"The injuries to the plaintiff were caused solely by the negligence of one or the other of two fellow servants who were in a common employment with her, and there was no violation or omission of duty on the part of the employer contributing to such injuries. Neither of her fellow servants stood in such relation to her or to the work done by her, and in the course of which her injuries were sustained, as to make his negligence the negligence of the employer. The case therefore falls within the well settled rule, as to which it is unnecessary to cite cases, which exempts an employer from liability for injuries to a servant caused by another servant, and does not fall within any exception to that rule which destroys the exemption of the employer when his own negligence contributes to the injury or when the other servant occupies such a relation to the injured party or to his employment in the course of which his injury was received as to make the negligence of such servant the negligence of the employer."
The next notable case is that Baltimore & Ohio Railroad v. Baugh, 149 U. S. 368, in which it was held that an engineer and fireman of a locomotive, running alone and without any train attached, were fellow servants of the company so as to preclude the latter from recovering from the company for injuries caused by the negligence of the former. In the course of the opinion MR. JUSTICE BREWER said:
"It may safely be said that this Court has never recognized the proposition that the mere control of one servant over another in doing a particular piece of work destroys the relation of fellow servants, and puts an end to the master's liability. On the contrary, all the cases proceed on the ground of some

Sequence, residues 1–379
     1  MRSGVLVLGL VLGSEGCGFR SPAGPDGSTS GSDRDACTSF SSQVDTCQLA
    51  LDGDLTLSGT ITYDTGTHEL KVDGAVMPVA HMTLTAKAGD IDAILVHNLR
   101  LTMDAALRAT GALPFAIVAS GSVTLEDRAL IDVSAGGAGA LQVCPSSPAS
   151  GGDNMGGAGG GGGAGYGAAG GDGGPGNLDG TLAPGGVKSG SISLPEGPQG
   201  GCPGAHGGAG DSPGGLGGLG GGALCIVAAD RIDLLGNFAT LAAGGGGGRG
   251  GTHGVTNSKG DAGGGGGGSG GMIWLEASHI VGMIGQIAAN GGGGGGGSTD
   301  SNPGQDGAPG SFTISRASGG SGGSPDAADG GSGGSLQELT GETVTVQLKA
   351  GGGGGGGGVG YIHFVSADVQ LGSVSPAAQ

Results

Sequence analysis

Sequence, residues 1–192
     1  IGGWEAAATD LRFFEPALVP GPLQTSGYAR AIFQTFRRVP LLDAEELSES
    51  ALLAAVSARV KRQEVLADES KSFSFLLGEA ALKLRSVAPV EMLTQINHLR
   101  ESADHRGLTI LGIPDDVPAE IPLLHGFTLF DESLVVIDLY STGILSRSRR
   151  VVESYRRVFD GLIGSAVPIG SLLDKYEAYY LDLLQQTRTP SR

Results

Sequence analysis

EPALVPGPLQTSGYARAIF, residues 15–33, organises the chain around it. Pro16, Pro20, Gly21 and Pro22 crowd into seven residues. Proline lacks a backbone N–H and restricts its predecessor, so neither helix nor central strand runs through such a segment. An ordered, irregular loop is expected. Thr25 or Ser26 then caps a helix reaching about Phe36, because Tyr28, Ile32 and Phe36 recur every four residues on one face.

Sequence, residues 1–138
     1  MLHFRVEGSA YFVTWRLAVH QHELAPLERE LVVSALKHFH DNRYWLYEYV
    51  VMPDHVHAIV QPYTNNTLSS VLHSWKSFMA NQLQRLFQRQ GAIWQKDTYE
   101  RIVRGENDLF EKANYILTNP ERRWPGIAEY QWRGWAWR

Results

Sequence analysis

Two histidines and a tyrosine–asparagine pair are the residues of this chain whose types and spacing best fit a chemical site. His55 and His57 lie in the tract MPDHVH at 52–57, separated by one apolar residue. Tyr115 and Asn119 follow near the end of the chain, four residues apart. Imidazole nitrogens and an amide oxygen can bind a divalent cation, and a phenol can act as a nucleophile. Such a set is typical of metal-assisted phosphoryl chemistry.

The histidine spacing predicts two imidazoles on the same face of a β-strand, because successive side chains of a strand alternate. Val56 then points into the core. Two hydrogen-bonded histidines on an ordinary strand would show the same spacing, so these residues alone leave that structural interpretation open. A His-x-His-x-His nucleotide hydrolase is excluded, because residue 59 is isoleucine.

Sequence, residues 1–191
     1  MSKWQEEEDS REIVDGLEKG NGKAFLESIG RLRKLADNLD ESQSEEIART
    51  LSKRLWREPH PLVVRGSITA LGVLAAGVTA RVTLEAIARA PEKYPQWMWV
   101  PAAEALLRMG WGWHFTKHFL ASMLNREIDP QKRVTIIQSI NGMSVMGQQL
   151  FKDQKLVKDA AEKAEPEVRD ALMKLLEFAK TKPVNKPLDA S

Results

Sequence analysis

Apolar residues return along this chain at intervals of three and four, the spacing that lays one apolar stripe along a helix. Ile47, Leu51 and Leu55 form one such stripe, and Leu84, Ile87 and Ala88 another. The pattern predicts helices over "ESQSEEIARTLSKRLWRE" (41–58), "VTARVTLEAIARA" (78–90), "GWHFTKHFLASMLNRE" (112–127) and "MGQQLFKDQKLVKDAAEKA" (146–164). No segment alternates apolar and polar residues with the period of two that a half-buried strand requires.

breach of positive duty resting upon the master, or upon the idea of superintendence or control of a department. It has ever been affirmed that the employee assumes the ordinary risks incident to the service; and, as we have seen, it is as obvious that there is risk from the negligence of one in immediate control as from one simply a coworker. That the running of an engine by itself is not a separate branch of service seems perfectly clear. The fact is, all the locomotive engines of a railroad company are in the one department, the operating department, and those employed in running them, whether as engineers or firemen, are engaged in a common employment, and are fellow servants."
We shall have occasion to revert to this case when we come to consider the decision in Chicago, Milwaukee & St. Paul Railroad v. Ross.
In Northern Pacific Railroad v. Hambly, 154 U. S. 349, it was held that a common day laborer in the employ of a railroad company who, while working for the company under the order and direction of a section boss or foreman on a culvert on the line of the company's road, receives an injury by and through the negligence of the conductor and of the engineer in moving and operation a passenger train upon the company's road, is a fellow servant with such engineer and such conductor in such a sense as exempts the railroad company from liability for the injury so inflicted, and MR. JUSTICE BROWN, in delivering the opinion of the Court, observed: